The bulk of the Sharp Edge kit uses the same fabric — Pertex Shield 3L with stretch. This fabric has a surprisingly soft hand feel, drapes well, and offers just a touch of stretch. This iteration of Pertex Shield is a 3L laminate that is not air permeable. For much more info on waterproof / breathable membranes, how they work, and how they differ, check out our Outerwear 101 and 201 articles.
The Sharp Edge Pants use a Cordura fabric on the inner cuff to guard against ski edges and crampons. This fabric is incredibly stiff and serves as a large part of the structure of the pant. Ironically, the stiffness of this patch creates a bit of a crease on the upper edge of the reinforcement (where the regular fabric hangs just above the Cordura). As a result, I’ve put several holes in the pants when a crampon point finds this little crease just above the Cordura.
I’ve used the Sharp Edge kit in a huge variety of conditions — from puking snow storms in Japan to rain in the Colorado spring. I haven’t experienced any water getting through the fabric or any notable DWR failures.
The Sharp Edge’s DWR did wet out in extended rain, but I’ve never worn a 3L jacket with a DWR that wouldn’t eventually wet out in such a scenario. Overall, I’ve been very pleased with the weather resistance of the Sharp Edge’s Pertex Shield fabric.
The Sharp Edge’s Pertex Shield 3L fabric uses a non-air-permeable membrane, and it doesn’t breath as well as some other fabrics used in similar kits. Notably, the Patagonia Descensionist, Black Diamond Helio Active Shell, and Flylow Cooper jackets all breathe a bit better than the Sharp Edge.
Yes, I would prefer the Sharp Edge to breathe a bit better. However, this hasn’t turned out to be that big of a deal. I rarely wear a hard shell on the uphill portion of my days anyway, and because the Sharp Edge doesn’t breathe incredibly well, the kit is a bit warmer. I find myself reaching for it more on colder days than other, more breathable kits like the Patagonia Descensionist and Black Diamond Helio Active Shell.
As I just mentioned, the Sharp Edge kit feels a touch warmer than some other hard shells of similar weights that breathe better. The Sharp Edge’s fabric (as in almost all hard shells) offers essentially zero insulation, so all of the warmth of this kit comes from the amount of warm air that the fabric traps between the shell and your layers under it. In other words, you should expect to get pretty much all your warmth from your base and mid layers, not the Sharp Edge Kit. But because the Sharp Edge doesn’t breathe as well as some other options, it holds a bit more warmth in than pieces like the Patagonia Descensionist and Black Diamond Helio Active Shell.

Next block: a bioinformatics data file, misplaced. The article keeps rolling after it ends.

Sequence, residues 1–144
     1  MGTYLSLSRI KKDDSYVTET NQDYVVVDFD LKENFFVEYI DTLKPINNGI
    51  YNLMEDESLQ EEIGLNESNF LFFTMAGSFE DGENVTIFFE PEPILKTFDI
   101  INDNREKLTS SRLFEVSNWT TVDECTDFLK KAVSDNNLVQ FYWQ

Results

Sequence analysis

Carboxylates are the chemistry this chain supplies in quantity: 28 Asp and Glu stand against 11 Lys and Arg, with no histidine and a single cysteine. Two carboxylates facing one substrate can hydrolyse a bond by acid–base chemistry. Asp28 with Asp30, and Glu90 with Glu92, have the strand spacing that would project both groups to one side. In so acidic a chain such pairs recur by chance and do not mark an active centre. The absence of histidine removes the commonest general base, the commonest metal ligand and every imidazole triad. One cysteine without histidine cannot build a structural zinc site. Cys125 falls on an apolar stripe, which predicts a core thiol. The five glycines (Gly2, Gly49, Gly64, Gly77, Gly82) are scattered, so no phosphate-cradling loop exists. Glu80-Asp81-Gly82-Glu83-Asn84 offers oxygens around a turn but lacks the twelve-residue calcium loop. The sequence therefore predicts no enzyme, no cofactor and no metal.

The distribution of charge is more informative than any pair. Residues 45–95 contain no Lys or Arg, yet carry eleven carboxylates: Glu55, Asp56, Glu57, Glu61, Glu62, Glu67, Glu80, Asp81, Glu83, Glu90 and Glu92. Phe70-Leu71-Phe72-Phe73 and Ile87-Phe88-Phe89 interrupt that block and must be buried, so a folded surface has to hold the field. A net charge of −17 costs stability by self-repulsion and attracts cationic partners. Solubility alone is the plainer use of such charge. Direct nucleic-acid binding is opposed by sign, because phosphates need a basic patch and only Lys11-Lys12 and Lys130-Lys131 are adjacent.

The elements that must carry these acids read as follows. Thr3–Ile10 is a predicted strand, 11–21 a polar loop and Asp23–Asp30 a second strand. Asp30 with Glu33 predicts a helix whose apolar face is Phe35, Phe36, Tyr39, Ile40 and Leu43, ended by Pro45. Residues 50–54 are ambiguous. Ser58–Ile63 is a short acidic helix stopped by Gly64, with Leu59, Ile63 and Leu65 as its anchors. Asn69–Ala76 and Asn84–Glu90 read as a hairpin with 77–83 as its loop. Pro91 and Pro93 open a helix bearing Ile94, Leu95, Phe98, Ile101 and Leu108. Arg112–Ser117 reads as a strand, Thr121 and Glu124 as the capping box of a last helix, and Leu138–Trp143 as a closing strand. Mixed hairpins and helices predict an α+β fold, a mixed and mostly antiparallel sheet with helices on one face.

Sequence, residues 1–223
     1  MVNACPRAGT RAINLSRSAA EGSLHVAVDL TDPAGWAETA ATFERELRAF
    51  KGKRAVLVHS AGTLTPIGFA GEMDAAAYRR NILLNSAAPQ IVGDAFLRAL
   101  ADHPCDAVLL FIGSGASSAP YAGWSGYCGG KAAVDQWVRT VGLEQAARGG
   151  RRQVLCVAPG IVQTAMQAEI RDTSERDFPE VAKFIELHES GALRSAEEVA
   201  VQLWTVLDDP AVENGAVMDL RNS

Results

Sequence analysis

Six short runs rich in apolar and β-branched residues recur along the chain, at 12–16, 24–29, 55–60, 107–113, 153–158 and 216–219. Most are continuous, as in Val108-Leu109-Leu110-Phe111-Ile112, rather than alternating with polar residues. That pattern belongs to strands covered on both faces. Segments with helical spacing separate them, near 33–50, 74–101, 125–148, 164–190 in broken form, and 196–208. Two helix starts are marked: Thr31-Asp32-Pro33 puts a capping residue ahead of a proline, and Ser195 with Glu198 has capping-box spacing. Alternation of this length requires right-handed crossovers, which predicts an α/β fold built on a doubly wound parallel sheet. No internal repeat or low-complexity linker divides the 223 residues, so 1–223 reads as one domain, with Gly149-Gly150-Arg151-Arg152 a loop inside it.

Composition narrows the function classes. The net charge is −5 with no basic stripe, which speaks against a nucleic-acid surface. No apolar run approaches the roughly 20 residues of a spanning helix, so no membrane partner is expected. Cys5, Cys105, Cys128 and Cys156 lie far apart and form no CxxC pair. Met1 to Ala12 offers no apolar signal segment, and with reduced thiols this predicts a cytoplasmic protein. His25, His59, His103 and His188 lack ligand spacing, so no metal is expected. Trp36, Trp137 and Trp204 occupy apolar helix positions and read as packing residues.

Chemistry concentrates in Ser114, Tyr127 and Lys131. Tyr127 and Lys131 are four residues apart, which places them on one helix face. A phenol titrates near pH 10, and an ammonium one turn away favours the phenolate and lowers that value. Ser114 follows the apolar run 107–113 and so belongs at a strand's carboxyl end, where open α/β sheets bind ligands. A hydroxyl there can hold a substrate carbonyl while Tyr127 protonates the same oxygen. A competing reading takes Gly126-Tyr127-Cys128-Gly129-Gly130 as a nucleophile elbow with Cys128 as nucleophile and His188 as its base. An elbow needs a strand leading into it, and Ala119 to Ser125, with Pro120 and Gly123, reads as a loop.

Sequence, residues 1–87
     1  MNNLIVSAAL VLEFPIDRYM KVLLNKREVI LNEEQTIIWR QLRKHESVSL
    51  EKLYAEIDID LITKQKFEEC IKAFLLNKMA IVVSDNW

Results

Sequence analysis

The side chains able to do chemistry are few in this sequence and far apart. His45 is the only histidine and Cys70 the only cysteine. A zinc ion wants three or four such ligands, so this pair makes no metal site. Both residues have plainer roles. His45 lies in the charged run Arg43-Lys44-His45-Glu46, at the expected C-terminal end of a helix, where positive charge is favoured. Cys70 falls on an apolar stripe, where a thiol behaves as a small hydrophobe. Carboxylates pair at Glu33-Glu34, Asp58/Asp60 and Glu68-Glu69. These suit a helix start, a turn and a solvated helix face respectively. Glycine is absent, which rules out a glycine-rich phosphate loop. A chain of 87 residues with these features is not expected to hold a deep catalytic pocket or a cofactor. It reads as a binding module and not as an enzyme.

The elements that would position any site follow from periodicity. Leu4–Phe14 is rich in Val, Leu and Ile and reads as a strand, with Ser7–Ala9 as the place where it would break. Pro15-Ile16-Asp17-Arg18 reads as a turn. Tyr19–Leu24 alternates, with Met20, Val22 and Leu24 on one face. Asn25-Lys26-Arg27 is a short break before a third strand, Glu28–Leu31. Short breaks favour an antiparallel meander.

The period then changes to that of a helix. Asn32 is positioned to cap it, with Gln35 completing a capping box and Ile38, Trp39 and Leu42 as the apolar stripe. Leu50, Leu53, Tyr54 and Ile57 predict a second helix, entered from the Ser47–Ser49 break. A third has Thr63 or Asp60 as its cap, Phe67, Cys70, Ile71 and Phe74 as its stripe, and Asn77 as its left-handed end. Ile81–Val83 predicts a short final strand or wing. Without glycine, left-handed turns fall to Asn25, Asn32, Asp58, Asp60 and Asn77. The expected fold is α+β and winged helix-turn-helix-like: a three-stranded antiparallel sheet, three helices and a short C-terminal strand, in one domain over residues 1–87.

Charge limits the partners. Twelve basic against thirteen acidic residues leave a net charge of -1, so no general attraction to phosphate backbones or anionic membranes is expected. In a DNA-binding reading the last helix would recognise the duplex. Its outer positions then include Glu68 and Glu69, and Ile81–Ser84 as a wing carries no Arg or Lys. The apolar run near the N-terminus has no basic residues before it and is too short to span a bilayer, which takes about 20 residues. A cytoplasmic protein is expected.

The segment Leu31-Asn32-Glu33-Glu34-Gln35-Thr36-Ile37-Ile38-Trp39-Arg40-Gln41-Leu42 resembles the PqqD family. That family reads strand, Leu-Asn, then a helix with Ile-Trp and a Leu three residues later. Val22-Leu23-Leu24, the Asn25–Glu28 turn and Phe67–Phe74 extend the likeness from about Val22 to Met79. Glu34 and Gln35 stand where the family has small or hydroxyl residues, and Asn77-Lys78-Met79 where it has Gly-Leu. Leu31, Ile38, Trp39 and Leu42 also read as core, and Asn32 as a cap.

I have used this kit for a lot of ski-mountaineering objectives — which can be extremely hard on gear. I have several crampon holes in the main fabric of the pant, but the jacket has held up quite well.
I’m not sure that the fabric is quite burly enough on the pant to hold up to several seasons of use, especially if you use a lot of pointy things on your ski days (crampons, ice tools, etc.). But the more you’re looking for a pure ski-touring kit (rather than ski mountaineering), the more I think the durability of the Sharp Edge kit will be less of an issue.
It’s also important to note that most of the pants in this weight class have similar durability concerns. It’s very difficult to make lightweight gear that is also super burly. The lighter you go, the shorter its lifetime will be.
Who’s It For?
As a pure ski mountaineering kit, the Sharp Edge setup works quite well. Apart from a few small quips with fit and durability, it’s easy for me to recommend this to a dedicated ski mountaineer.
The Sharp Edge kit would also be a good kit for someone who ski tours, regardless of if they are looking to ski up and down massive peaks. I think this kit makes the most sense in colder climates and / or for folks who don’t require the most breathability from their hard shells. If maximum breathability is a concern, check out the Patagonia Descensionist, Black Diamond Helio Active Shell, Strafe Cham, or some soft shell options.
The Rab Sharp Edge is a purpose-built 3L hardshell ski-mountaineering kit that excels in high mountains and when hunting big objectives, though it’s also very capable for general ski touring. Besides a few quirks with the fit (that may end up being just fine for you — try it on), this setup is definitely worth consideration if you’re in the market for a new hard shell kit for big days in the mountains.